Design principle of CRY-acting compounds for regulation of the circadian clock

Almost every aspect of our life varies over time: we wake up in the morning, sleep at night, and become hungry at about the same time every day. This is called the circadian rhythm; an approximately 24-hour cycle regulated by the circadian clock, which is an interplay among genes and proteins in every cell of the body. The circadian clock regulates many physiological processes, such as body temperature, metabolism and hormone secretion. Various environmental factors, including sunlight and temperature, affect the circadian clock. Therefore, the circadian clock can be disturbed by modern lifestyle changes, such as shift works or long distance flights, which in turn can lead to sleep or metabolic disorders. Understanding how the circadian clock works and how it affects our physiology is therefore vital to understand and find treatments for these disorders.

Fig1_HirotaWe previously discovered a small molecule compound named KL001 that binds to the CRY protein, an essential component of the circadian clock. KL001 prevents degradation of CRY and slows down the speed of the circadian clock. In this study, we developed derivatives of KL001 to understand which parts of the small molecule are effective in controlling the circadian clock. Biological activities of the compounds were tested, and a model was built using the 3D structure of CRY-bound KL001 as a template. In this fashion, the structure-activity relationship of the small molecules was examined at the atomic level. With this approach, we were able to understand the structural basis of CRY-acting compounds: which parts of the small molecule can be modified to make it more effective, for example, making it bigger or smaller in certain directions. Also, the model provided explanation for why certain compounds were not effective. Eventually, we discovered a 10 times more potent derivative KL044. Using this information will enable us to virtually screen a relatively large collection of compounds with the computer and test the most potent molecules in the lab.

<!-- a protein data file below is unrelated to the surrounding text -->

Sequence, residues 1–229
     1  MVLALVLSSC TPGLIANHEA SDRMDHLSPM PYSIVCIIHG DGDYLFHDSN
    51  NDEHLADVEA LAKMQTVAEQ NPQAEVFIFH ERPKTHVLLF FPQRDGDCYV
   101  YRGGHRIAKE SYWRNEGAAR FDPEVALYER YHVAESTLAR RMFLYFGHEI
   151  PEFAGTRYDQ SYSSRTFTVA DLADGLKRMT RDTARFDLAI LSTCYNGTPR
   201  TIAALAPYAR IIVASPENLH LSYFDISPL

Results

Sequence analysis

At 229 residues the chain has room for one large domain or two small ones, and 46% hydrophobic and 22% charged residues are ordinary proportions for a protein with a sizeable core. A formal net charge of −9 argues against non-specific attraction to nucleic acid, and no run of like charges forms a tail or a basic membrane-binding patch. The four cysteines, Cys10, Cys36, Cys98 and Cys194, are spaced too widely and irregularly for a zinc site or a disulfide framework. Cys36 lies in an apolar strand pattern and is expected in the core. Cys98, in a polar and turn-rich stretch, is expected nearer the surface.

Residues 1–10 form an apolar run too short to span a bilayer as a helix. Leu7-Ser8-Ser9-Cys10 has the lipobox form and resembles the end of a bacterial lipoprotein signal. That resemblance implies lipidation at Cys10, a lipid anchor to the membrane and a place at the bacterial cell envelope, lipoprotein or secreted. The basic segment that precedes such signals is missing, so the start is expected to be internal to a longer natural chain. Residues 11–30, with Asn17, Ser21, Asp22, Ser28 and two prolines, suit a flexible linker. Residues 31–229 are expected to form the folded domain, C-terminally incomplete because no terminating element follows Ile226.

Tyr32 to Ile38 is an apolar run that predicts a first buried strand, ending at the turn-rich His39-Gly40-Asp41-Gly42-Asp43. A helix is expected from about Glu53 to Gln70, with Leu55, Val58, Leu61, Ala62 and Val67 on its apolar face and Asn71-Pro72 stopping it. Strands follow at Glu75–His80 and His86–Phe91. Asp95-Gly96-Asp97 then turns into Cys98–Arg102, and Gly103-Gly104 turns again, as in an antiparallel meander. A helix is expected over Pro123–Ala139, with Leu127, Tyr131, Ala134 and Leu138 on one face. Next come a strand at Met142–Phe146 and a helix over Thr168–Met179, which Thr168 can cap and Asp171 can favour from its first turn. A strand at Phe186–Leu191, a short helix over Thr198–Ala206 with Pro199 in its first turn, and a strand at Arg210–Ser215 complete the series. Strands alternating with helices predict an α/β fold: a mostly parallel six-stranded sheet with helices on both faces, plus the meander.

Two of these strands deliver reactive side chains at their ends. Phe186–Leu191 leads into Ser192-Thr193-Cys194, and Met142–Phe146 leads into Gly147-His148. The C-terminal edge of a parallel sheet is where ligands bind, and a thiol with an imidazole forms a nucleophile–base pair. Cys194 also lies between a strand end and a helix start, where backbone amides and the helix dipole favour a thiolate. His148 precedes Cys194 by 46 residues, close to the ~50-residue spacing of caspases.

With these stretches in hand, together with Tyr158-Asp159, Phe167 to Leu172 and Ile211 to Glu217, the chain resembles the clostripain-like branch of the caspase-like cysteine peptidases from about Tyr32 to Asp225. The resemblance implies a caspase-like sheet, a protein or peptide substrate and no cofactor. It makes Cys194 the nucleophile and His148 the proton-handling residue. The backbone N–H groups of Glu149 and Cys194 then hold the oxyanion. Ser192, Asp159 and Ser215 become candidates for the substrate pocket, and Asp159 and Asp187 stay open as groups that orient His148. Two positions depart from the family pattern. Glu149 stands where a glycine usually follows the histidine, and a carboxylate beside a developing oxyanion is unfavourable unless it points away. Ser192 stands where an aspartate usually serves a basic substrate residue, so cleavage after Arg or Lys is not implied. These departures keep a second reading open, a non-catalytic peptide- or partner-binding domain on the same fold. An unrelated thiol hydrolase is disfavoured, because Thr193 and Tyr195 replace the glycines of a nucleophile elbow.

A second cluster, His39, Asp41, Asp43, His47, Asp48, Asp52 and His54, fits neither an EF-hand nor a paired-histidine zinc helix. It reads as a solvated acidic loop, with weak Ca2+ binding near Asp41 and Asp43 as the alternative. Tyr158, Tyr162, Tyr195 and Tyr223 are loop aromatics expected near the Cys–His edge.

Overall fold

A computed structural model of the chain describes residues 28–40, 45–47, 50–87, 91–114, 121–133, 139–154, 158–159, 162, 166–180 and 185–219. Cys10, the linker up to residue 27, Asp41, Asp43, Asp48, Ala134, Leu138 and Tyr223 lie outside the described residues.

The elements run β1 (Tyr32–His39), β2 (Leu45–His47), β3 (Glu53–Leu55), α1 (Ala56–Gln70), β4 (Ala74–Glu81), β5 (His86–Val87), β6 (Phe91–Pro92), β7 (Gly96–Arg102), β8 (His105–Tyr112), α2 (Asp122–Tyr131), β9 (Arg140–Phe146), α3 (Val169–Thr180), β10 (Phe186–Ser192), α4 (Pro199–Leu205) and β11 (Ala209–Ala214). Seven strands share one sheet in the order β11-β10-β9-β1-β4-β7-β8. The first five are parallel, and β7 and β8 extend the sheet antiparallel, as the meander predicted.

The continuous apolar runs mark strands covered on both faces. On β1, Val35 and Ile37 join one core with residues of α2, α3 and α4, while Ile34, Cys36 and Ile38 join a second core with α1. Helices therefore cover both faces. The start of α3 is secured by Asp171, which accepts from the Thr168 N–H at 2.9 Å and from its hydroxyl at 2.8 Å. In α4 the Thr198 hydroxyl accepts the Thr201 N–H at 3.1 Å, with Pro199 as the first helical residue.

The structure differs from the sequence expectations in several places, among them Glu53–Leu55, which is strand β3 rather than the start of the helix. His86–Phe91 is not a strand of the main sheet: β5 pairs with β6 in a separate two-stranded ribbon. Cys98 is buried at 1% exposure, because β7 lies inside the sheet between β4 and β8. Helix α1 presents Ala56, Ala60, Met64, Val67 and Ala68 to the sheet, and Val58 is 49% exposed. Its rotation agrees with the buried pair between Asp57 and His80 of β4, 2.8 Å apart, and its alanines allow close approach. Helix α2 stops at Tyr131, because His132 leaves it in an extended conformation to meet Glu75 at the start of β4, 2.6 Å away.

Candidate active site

Through a combination of organic synthesis, biological screening and computational modeling, we were able to find the most potent CRY-acting molecule so far. This knowledge will guide us in the search for even more effective molecules, which will potentially lead to the discovery of new drugs for circadian clock-related diseases.



Development of Small-Molecule Cryptochrome Stabilizer Derivatives as Modulators of the Circadian Clock.
Lee JW, Hirota T, Kumar A, Kim NJ, Irle S, Kay SA
ChemMedChem. 2015 Sep


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